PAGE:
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    @ItalianPhilosophers4Monica I don't think Asianometry is biased toward China. His episode about Chinese nuclear weapon is very clear on why China, despite all its internal hardship, needs to develop nuke--to stop western and later, soviet, aggression and to protect china from invasion.
    – Faito Dayo
    Commented Sep 6, 2023 at 4:56

Question: Was the U.S. surprised about the Huawei breakthrough, how much time did the government or think-tanks expect China to take to produce a 7nm chip? It seems like the U.S. didn't expect China to bridge the gap as quickly.

Short Answer

Western industry analysts are suspicious.

  • the introduction while the US Labor secretary was visiting makes it as much a political statement as a technological achievment
  • startup time for the new chip fabrication line doesn't appear to be realistic.
  • no Launch Event for the new phone
  • the phone was introduced by listing it on Huawei's website, Huawei is known for extravagant launching events and this is their first new phone in 3 years and it's a high end phone.
  • Huawei did not mention the phone was 5g compatible on their website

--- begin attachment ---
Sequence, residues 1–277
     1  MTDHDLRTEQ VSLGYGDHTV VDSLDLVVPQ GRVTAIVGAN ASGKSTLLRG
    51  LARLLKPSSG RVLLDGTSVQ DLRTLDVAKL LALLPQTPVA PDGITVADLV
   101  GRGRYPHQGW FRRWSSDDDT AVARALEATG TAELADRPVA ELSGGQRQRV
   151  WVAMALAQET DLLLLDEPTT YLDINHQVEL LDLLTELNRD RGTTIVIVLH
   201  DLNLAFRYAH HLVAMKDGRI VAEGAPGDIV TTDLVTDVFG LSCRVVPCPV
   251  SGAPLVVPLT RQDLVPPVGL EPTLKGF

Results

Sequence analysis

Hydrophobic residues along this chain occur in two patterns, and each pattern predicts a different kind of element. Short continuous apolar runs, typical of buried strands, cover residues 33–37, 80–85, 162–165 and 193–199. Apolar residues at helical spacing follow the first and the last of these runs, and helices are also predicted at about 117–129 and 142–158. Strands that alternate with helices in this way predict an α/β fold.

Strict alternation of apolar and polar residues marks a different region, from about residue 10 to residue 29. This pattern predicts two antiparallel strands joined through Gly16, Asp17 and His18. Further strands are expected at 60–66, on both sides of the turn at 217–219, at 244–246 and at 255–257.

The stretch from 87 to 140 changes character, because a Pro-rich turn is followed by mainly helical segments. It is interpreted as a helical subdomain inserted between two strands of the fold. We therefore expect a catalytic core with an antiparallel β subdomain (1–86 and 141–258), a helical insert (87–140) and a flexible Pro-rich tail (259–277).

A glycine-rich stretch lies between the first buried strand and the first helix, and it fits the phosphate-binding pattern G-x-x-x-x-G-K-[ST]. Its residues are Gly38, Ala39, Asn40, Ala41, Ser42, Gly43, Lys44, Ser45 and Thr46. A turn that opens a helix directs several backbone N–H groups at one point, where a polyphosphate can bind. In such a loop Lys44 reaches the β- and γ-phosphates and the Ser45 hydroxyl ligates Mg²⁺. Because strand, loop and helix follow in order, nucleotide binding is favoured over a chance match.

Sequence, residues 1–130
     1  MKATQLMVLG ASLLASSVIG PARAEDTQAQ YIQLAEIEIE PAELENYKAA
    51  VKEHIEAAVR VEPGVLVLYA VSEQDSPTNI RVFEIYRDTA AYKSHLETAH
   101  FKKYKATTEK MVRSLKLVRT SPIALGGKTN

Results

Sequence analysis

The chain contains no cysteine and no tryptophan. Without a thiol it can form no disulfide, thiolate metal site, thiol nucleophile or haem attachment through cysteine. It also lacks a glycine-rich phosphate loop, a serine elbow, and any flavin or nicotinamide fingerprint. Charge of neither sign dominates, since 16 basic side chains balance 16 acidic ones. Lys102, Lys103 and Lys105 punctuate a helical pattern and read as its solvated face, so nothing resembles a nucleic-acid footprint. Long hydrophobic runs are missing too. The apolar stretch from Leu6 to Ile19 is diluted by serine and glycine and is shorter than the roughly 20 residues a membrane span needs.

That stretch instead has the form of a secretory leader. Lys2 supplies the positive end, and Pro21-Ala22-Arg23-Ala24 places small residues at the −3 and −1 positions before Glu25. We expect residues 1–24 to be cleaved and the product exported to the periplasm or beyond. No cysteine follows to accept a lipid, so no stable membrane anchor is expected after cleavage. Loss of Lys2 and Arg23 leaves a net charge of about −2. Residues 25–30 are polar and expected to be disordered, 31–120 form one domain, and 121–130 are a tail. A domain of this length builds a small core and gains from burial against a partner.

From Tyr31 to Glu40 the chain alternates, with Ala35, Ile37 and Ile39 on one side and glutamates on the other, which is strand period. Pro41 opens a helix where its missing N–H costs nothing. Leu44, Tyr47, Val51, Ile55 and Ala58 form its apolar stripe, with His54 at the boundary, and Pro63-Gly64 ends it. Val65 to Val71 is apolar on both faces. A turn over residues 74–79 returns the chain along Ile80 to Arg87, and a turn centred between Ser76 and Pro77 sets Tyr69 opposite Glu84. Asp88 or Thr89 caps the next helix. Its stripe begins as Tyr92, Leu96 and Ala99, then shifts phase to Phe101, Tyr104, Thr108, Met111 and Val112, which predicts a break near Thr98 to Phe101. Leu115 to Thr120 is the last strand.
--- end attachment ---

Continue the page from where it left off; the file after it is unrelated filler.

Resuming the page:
• Huawei did not reveal the CPU or chip set nor manufacture of those items or give any technical specifications.
  • none of the tech specs on this phone have even now come from the manufactures
  • nearly everything we know of this phone comes from Chinese consumers unboxing videos, some of whom are engineers who opened their phone to discover the internal chipset
  • Huawei the phone manufacture and SMIC the chip manufacture are still silent on their achievement and technical specifications.
  • the technology itself 7 nm chips were available to China prior to sanctions taking effect and it's known China hoarded such chips at that time

So we know very little but are suspicious. This could be a post sanction technological achievement as touted by Chinese state media. It could also be explained by Huawei drawing upon hoarded pre-sanction chips. We don't know yet.